Dutta, R. K., Nenavathu, B. P. & Talukdar, S. Anomalous antibacterial activity and dye degradation by selenium doped ZnO nanoparticles. Colloids Surf. B: Biointerfaces 114, 218–224 (2014).
Ahmed, A. Z. et al. Fabrication and characterization of B/Sn-doped ZnO nanoparticles via mechanochemical method for photocatalytic degradation of rhodamine B. Inorg. Nano-Met. Chem. 51, 1369–1378 (2021).
The author declares no competing interests.
Peer review information Communications Chemistry thanks the anonymous reviewers for their contribution to the peer review of this work.
Publisher’s note Springer Nature remains neutral with regard to jurisdictional claims in published maps and institutional affiliations.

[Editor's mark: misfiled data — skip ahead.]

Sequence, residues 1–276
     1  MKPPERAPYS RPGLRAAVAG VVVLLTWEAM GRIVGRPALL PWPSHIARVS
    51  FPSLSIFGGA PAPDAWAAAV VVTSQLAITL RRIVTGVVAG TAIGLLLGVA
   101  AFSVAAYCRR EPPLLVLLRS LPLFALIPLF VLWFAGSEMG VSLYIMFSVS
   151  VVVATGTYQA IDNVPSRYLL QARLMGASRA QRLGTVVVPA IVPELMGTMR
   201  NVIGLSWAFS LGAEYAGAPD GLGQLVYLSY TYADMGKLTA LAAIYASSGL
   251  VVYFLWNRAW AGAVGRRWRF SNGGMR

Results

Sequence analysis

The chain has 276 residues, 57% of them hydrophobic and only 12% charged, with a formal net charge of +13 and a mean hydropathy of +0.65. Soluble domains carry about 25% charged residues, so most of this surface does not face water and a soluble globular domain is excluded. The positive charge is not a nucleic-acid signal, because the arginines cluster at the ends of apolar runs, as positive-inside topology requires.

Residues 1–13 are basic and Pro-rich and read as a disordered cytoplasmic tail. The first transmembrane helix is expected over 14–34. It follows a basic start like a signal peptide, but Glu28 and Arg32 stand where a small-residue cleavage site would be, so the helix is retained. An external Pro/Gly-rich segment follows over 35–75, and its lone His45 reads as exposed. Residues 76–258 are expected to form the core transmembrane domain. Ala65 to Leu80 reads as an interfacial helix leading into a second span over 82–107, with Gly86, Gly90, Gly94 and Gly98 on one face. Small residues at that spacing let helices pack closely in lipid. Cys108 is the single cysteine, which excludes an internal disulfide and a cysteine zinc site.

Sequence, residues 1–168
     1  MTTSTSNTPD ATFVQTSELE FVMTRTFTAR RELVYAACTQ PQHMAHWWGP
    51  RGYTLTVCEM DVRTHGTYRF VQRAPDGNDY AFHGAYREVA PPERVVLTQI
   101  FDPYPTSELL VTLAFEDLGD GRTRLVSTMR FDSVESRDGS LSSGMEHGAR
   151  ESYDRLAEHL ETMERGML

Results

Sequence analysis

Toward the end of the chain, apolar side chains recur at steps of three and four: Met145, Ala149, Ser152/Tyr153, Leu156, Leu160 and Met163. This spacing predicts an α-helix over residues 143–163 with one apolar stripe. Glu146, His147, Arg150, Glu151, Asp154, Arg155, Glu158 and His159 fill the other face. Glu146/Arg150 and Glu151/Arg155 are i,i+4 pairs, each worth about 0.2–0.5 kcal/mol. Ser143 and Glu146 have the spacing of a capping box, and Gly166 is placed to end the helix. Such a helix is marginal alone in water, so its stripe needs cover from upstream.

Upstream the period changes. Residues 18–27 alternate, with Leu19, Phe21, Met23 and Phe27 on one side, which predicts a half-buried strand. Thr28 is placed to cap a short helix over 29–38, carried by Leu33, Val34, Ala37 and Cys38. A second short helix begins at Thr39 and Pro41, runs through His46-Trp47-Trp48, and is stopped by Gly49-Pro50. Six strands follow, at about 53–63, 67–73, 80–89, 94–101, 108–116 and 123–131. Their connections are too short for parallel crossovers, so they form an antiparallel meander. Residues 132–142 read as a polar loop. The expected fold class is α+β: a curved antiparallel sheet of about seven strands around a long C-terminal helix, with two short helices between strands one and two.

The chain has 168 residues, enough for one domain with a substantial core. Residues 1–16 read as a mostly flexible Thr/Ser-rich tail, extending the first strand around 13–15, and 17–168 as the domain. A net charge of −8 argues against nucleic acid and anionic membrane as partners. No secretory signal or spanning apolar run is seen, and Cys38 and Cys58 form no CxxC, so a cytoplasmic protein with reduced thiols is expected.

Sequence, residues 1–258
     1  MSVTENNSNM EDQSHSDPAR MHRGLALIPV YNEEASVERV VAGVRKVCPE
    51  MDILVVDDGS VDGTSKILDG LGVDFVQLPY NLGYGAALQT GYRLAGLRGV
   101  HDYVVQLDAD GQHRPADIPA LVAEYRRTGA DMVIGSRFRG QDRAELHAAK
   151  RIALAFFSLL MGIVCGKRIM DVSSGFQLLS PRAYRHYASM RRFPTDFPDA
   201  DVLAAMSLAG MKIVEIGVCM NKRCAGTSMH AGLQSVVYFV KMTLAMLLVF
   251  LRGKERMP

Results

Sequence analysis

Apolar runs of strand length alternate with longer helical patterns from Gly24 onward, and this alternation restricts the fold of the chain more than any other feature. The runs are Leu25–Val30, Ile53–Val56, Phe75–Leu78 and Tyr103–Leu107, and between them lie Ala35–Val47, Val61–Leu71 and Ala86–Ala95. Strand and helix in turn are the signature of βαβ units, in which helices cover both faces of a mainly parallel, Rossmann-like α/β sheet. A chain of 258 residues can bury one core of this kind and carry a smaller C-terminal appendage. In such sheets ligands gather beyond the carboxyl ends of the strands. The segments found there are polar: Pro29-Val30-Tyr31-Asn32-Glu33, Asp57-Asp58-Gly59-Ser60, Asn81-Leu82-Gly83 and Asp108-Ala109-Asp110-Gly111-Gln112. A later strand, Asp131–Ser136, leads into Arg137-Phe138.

About this article
Cite this article
Tsuzuki, T. Mechanochemical synthesis of metal oxide nanoparticles. Commun Chem 4, 143 (2021). https://doi.org/10.1038/s42004-021-00582-3
This article is cited by
Zirconia-Based Nanomaterials for Alternative Energy Application: Concept of Research in Smart Laboratory
Arabian Journal for Science and Engineering (2023)
Fabrication, Characterization and Investigating Properties of PVA Based Nanocomposite Films Reinforced with Mechano-chemically Synthesized CuO Nanoparticles
Metals and Materials International (2023)
Russian Physics Journal (2022)